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Racial disparities in the survival of American children, adolescents, and young adults with acute lymphoblastic leukemia, acute myelogenous leukemia, and Hodgkin lymphoma.
Cancer 2016; 122(17):2723-30C

Abstract

BACKGROUND

Race-based survival in children and adolescents with hematologic malignancies has been a national challenge for decades. Large-scale investigations of age- and race-based survival trends over time in these patients have not previously been reported. The objective of this study was to investigate whether race- and age-related differences in pediatric and adolescent and young adult (AYA) leukemia and lymphoma survival persist and to what extent these differences have changed over time.

METHODS

Using the Surveillance, Epidemiology, and End Results program, this study investigated the outcomes of black and white (1975-2012; n = 27,369) and white and Hispanic (1992-2012; n = 20,574) children (0-14 years old) and AYAs (15-39 years old) with acute lymphoblastic leukemia (ALL), acute myelogenous leukemia (AML), and Hodgkin lymphoma (HL). Estimates of 5- and 10-year relative survival were compared over time.

RESULTS

Trends showed a convergence of survival for white and black children with ALL but a divergence in survival for AYA patients. Hispanic children and AYAs both suffered inferior outcomes. Trends for AML revealed persistent survival differences between black and white children and suggested worsening disparities for AYAs. Survival trends in HL revealed sustained survival differences between black and white AYA patients, whereas no differences were found in Hispanic and white patient outcomes for AML or HL.

CONCLUSIONS

Although survival for children and AYAs with ALL, AML, and HL has improved over the past 4 decades, differences persist between black, white, and Hispanic children and AYAs; survival disparities between black and white children with ALL have been nearly eliminated. Strategies aimed at identifying causality and reducing disparities are warranted. Cancer 2016. © 2016 American Cancer Society. Cancer 2016;122:2723-2730. © 2016 American Cancer Society.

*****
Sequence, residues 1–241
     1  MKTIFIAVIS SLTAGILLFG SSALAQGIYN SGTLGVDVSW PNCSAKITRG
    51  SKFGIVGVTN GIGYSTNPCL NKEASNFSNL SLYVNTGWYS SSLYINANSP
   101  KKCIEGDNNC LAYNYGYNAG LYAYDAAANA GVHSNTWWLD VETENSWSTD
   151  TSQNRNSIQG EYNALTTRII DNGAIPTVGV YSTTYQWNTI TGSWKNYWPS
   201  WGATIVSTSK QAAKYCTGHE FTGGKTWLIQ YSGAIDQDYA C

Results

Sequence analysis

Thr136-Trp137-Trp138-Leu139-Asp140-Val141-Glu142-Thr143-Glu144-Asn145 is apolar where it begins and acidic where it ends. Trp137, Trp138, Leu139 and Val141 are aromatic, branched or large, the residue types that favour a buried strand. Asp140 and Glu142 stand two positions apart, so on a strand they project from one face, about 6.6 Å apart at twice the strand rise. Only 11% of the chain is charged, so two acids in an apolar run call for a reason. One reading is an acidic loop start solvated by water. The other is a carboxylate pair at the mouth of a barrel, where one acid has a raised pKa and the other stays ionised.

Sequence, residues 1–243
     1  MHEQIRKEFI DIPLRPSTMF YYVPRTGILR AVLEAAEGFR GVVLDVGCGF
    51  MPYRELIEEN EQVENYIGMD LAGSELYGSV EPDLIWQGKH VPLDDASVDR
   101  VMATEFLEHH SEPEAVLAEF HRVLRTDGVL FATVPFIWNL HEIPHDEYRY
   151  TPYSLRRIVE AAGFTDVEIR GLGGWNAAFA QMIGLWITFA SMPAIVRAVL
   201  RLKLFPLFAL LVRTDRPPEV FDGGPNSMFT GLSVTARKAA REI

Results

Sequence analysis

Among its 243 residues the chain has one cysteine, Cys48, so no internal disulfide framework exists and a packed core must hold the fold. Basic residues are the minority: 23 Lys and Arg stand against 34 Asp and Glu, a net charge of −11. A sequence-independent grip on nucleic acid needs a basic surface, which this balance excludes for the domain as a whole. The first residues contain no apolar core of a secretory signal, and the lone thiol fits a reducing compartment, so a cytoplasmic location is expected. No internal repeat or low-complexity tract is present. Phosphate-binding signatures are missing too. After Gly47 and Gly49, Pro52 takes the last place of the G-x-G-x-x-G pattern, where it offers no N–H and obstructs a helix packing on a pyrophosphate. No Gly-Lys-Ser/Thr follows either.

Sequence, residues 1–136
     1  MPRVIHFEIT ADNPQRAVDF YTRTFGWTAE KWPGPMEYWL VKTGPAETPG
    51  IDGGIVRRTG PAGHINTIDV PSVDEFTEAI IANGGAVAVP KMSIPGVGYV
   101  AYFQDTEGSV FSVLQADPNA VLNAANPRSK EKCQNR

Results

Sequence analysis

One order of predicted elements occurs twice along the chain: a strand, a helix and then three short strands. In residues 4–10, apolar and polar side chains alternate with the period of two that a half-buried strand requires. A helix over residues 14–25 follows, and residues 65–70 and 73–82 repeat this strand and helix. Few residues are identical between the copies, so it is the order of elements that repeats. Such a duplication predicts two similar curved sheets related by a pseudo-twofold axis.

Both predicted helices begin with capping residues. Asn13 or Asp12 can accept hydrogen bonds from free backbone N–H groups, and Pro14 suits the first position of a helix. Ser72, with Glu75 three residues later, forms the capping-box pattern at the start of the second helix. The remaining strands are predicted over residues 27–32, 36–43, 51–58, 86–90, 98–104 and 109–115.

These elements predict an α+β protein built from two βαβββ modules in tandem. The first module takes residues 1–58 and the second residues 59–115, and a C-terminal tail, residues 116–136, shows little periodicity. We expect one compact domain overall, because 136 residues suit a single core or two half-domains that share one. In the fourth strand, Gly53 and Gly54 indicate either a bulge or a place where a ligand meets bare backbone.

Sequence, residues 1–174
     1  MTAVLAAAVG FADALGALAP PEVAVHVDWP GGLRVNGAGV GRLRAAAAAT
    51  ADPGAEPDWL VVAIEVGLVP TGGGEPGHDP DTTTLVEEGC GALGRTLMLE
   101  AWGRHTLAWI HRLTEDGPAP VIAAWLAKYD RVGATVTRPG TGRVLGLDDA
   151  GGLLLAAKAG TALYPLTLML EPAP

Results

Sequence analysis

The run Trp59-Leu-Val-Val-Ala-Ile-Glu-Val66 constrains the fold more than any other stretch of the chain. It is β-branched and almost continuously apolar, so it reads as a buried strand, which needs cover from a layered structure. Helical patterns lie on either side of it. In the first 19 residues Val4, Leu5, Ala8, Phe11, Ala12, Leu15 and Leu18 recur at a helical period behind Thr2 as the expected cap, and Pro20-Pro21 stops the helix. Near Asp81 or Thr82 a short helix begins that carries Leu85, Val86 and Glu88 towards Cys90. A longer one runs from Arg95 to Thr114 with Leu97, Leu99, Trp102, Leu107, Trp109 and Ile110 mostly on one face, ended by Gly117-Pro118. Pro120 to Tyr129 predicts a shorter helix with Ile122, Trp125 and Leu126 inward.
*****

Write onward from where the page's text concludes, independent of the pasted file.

Authors+Show Affiliations

Division of Pediatric Hematology, Oncology, and Stem Cell Transplantation, Columbia University Medical Center, New York, New York.Division of Hematology and Oncology, University of California Davis Comprehensive Cancer Center, Sacramento, California.Cancer Prevention Institute of California, Fremont, California.Cancer Prevention Institute of California, Fremont, California. Department of Non-Communicable Disease Epidemiology, London School of Hygiene and Tropical Medicine, London, United Kingdom.Department of Radiation Medicine, Oregon Health and Science University, Portland, Oregon.Human Oncology & Pathogenesis Program and Leukemia Service, Department of Medicine, Memorial Sloan Kettering Cancer Center, New York, New York.

Pub Type(s)

Comparative Study
Journal Article

Language

eng

PubMed ID

27286322

Citation

Kahn, Justine M., et al. "Racial Disparities in the Survival of American Children, Adolescents, and Young Adults With Acute Lymphoblastic Leukemia, Acute Myelogenous Leukemia, and Hodgkin Lymphoma." Cancer, vol. 122, no. 17, 2016, pp. 2723-30.
Kahn JM, Keegan TH, Tao L, et al. Racial disparities in the survival of American children, adolescents, and young adults with acute lymphoblastic leukemia, acute myelogenous leukemia, and Hodgkin lymphoma. Cancer. 2016;122(17):2723-30.